After an excellent summer in Montreat, N.C., I'm now back to the good ol' rolling Piedmont, and the good ol' brainy Triangle. Before the mountains there were the islands, the ones on the other side of the ocean and just west of Scandinavia. If you want to learn any about that adventure you should check here.

But now it's another year (my last at this place), and one more attempt to get this blogging thing underway. As with any other summer in the mountains, I've had much time to read and at least a little bit of time to contemplate. And I've been reading more non-fiction than is customary for me. So like last year, I think I will start with a review of some "Things I've Read, Listened To, or Enjoyed."

At the top of the summer's reading list is Barbara Kingsolver's Animal, Vegetable, Miracle, which was read soon after the also-amazing Prodigal Summer. AVM (my acronym) is part memoir, part journalistic reflection about Kingsolver's family in their quest to spend one whole year eating only local food. The writing is funny and beautifully descriptive, the stories are equally funny and beautiful, and the informational and investigative parts are eye-opening. Reading this during the summer -- already six months removed from my favorite farmers market -- got me really excited about getting back to school and getting into the food scene here.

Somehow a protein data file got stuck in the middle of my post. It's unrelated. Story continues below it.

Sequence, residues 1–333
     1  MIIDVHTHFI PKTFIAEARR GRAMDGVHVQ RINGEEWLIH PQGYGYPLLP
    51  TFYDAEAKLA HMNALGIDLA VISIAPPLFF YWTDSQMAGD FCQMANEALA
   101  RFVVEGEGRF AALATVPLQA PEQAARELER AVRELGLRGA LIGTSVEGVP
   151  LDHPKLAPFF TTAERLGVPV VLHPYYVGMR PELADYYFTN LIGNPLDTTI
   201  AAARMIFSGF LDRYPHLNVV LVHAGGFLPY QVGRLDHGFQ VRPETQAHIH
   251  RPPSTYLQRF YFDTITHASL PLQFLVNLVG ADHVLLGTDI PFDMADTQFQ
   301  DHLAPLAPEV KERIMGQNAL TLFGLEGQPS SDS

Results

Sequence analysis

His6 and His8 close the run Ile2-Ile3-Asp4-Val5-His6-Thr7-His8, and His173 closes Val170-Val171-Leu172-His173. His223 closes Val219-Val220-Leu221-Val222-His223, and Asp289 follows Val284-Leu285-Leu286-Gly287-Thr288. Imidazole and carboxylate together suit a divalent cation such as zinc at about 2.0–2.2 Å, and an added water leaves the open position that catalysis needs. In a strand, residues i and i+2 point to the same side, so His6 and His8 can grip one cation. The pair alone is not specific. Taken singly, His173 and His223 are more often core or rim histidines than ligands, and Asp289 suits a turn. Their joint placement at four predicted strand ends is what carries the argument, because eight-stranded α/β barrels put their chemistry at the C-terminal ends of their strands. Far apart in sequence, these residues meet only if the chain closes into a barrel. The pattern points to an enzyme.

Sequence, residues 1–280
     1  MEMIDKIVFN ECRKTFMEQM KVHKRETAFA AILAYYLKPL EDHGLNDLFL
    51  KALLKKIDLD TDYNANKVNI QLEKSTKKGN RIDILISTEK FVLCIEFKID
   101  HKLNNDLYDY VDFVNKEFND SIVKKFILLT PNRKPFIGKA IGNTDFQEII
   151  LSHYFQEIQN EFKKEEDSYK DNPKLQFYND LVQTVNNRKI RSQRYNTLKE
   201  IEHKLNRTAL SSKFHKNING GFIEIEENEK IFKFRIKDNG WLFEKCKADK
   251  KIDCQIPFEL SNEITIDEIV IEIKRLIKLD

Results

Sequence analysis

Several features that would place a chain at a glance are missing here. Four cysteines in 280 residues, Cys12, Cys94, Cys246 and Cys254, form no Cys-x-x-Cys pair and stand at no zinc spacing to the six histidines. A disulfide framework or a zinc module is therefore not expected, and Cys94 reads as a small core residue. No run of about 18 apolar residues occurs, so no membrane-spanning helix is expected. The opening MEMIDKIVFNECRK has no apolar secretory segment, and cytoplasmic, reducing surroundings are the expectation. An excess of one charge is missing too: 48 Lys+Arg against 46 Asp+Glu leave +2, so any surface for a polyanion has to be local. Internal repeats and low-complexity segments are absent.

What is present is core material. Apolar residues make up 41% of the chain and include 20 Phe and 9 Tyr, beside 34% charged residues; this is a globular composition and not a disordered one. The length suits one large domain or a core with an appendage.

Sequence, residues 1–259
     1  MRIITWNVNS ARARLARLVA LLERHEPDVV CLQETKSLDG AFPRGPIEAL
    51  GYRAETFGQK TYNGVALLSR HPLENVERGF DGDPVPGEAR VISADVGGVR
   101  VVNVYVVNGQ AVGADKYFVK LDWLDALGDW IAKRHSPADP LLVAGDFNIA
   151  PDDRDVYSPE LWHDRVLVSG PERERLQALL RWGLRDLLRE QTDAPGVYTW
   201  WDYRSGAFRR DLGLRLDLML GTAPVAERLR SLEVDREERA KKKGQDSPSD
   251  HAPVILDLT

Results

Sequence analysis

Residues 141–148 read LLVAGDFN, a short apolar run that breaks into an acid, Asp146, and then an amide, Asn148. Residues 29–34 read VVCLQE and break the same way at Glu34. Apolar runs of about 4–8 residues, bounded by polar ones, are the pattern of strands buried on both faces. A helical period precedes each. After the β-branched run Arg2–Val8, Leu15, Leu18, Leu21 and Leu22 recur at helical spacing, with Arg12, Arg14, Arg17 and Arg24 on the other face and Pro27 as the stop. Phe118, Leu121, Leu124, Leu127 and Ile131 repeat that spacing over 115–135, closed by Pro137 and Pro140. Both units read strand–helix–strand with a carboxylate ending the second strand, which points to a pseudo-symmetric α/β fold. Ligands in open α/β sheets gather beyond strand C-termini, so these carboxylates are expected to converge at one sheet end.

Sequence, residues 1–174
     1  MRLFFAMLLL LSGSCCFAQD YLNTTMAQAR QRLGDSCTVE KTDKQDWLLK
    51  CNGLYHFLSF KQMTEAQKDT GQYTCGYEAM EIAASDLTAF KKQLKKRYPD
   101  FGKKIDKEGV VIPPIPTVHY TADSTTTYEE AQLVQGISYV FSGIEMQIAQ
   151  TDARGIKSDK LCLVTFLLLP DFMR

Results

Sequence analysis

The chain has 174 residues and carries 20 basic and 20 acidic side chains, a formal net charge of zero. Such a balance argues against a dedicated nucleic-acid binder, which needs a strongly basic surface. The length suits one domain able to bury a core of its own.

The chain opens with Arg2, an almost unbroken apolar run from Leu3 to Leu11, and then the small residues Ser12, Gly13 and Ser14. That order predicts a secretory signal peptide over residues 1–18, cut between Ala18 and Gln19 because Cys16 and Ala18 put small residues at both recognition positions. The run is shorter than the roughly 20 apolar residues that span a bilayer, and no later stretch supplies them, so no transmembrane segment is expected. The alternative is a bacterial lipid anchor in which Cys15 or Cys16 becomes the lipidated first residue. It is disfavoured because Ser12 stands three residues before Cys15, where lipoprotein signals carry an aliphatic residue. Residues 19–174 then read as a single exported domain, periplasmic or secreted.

This book, along with The Omnnivore's Dilemma, which I'm readying for a class, have heightened my food senses, and particually my sense of ethical, healthy, environmental food. And this morning I got my first shot at a local food year at the Carborro Farmer's Market and Weaver Street Market. Just to mention a few of the more flavorful things I picked up, I got:
- sungold tomatoes -- Amazing! These are cherry-sized and bright orange, and they have more sweet tomato flavor than I've tasted in a long time.
- rayan melon -- Very sweet, white melon. Not as melony as cantalope, which is think is a good thing.
- Larry's Beans Mightier Mocha Java -- I finally got a smaller single-serving French press, so I got some great chocolaty coffee to go with it. No, there's not real chocolate in it, but it still tastes like it.

In case I haven't mentioned it before, you should definitely check out Air Traffic. They're from Bournemouth, England, and if they ever start over here I'm sure they would do very well. They're doing great things in England, and I had the good fortune to see them in concert twice when I was in London. They played at South by Southwest in the spring, so there is a foot in the door. I'm just waiting for them to show up at Cat's Cradle. Any time now would be great...

My friend Andy Black, pianist extraordinaire and member of the band Supermarket Radio, tried to give me directions to this great restaurant about two years ago. He kinda forgot about the part where you have to get off the interstate, and so my friend and I ended up most of the way to Tennessee instead of where we wanted to be. We finally got to Rosetta's Kitchen just this past week, and I really wish I had made it sooner. The menu has a symbol for those dishes that are not vegan, and there is no meat served at all. It's open late, painted in bright colors, has a diverse clientele, and the food is absolutely amazing. I got the Buddha Bowl with rice, gravy, tofu, seaweed, and salad, and it was wonderful. I highly recommend it.

I think that's enough for now... I can't run out all at one time. Cheers.